When you’re focused on winning, even with a group of 8-year-olds, you tend to focus on different things. You focus on gaining tactical advantages rather than emphasising the development of the players. And when you’re focused on tactics, it makes more sense to focus on players staying in specific positions. this prevents players from learning the game in different positions.
- I will continue to support for the introduction of Futsal across the country during winter at least.
- U8s and U9s should not be travelling long distance to play 30 minutes of football.
- Club should be organising in-house blitz over several hours were everyone get lots of football.
- Invite local clubs to attend.
Review how we separate the best from the rest, Elite grading at age 7, 8, and 9 should not be happening. We also have elite leagues, which is also not good for player development at the younger ages as it focus on winning to develop instead of developing to win. The fact is, that there are usually only a few children in every age group, especially at youngest ages, who are noticeably more skilled than the rest. We should not evaluate a 7 and 8 or even a 9 year old on previous team placements to figure out where these children belong at u10s etc. Each year should be a clean slate. Based on research, I suggest no elite football until at least u13s and children should be coached in mixed group teaching until at least u12s. Mixing the early developers with the late ones. Elitism should not begin until teenage years.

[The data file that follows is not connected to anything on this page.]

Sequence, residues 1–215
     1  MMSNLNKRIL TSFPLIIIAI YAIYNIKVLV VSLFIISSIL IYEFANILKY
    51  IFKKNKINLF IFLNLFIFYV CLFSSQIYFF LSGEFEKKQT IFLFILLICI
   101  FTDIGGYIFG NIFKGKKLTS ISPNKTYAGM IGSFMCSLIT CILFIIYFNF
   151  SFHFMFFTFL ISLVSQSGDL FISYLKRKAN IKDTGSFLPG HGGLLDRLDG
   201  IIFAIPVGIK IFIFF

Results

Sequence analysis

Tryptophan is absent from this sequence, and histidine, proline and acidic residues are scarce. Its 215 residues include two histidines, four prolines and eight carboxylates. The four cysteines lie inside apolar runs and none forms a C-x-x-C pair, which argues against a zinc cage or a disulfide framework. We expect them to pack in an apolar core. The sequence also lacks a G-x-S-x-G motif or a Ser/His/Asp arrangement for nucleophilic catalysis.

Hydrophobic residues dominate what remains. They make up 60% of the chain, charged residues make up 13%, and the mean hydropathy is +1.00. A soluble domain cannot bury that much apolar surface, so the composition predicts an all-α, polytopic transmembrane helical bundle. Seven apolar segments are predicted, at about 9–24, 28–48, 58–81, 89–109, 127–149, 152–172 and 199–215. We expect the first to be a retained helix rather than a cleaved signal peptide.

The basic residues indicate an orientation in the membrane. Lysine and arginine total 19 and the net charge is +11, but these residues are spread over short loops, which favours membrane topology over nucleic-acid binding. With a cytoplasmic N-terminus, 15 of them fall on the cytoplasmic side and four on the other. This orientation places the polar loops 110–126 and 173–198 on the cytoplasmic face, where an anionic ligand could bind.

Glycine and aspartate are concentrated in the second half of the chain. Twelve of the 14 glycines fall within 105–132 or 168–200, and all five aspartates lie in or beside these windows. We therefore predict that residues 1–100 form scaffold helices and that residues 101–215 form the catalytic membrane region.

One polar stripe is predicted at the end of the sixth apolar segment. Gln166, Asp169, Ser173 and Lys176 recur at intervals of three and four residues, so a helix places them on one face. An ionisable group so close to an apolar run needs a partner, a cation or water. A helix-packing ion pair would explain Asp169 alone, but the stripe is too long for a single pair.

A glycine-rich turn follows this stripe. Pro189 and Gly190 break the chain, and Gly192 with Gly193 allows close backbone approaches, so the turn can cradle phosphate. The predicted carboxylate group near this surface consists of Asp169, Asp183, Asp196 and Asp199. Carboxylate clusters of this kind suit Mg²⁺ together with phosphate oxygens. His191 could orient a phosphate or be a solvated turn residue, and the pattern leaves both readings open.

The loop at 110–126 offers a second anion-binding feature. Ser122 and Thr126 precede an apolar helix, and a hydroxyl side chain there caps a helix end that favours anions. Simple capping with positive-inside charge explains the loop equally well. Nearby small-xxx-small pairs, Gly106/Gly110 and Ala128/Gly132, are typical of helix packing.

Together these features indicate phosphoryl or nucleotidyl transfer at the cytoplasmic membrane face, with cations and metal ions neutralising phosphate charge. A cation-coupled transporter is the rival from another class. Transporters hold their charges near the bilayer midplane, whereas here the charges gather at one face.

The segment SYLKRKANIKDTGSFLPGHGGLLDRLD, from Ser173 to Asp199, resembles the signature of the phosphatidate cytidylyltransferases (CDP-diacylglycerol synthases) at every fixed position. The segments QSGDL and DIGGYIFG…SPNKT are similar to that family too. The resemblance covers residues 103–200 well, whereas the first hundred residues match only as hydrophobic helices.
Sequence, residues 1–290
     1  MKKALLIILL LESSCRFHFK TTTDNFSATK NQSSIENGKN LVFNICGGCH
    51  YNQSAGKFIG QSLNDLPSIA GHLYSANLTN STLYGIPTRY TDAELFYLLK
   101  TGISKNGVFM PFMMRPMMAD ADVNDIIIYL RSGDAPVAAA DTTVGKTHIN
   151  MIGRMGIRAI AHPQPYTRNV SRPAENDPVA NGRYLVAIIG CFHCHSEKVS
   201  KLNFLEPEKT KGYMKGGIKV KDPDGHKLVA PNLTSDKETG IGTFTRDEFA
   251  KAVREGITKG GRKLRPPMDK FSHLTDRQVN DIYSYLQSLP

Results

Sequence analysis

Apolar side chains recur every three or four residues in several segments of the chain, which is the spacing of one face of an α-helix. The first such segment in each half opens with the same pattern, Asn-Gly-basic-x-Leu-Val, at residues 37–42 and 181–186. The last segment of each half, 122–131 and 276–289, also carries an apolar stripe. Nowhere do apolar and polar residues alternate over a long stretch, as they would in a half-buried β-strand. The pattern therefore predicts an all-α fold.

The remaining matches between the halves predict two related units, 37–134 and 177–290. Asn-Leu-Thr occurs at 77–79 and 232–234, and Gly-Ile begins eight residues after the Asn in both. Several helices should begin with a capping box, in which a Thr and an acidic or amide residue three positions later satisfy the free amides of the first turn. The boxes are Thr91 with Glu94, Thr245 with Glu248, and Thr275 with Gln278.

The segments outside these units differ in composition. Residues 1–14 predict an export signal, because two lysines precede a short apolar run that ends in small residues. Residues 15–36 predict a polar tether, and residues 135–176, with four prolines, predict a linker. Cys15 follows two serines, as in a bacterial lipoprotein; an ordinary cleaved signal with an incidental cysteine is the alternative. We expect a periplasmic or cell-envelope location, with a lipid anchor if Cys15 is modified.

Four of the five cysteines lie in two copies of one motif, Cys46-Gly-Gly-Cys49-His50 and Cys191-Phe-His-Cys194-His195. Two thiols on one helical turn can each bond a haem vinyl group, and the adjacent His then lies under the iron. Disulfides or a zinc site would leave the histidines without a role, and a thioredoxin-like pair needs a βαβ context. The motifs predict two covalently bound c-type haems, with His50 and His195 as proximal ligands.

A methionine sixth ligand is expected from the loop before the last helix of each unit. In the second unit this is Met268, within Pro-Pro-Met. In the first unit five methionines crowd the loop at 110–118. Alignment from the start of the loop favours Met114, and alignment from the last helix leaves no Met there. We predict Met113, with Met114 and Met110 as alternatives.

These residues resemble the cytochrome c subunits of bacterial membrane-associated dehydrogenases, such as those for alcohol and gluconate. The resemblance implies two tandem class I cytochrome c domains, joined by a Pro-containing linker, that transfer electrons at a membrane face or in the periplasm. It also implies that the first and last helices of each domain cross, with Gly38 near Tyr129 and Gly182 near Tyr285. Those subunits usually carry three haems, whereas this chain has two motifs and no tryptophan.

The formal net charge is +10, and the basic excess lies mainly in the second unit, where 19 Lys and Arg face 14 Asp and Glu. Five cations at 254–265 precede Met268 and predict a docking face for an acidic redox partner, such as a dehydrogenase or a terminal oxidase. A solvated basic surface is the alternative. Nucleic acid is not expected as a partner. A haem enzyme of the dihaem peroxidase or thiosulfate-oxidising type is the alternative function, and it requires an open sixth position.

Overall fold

“We must not forget the late “bloomers” some of which have gone further then the so called best. Kids at the youngest ages should be playing together not segregated”. tweet
- To promote participation and positive learning.
- To promote better relationships with coaches.
- To promote coaching values.
- To promote age related competitions and coaching.
- To exchange knowledge and run workshops in the field of coaching and parenting in sports.
- To promote a moral code in coaching.
- To promote child welfare in youth sports.
- To improve relationships among Coach – Management – Players – Parents.
- To provide information in the field of coaching education and parenting.
- To encourage and to assist in the field of coach education.
“No child should be told he/she can’t play football, football or soccer as we know it now is their game and every child in every part of the world should never be told he/she is not good enough to play”. tweet
Remember the Kids are the customers and it’s our job to keep the customer happy!
“Play, Try, Grow and Improve” tweet
As with everything in life, as you learn more and find out more, your views can change. Mine have changed since I started this blog back in 2010 but the focus has always been the same; to improve the experience for every child that participates.
I’ve learnt to work with the players I have and try to improve them. I try not to judge so soon and focus on development. I ask myself, ‘how can I improve them?’ Everyone on this team can be improved. TCD tweet
At the end of the day, whether we like to believe it or not we are a recreational football nation with a professional international team. It’s what we do down at Grassroots ‘worms eye view’ that will ultimately be the basis of what we produce at the top. The partway that makes the best 8 year old is not related to the pathway that makes the best 20 year old.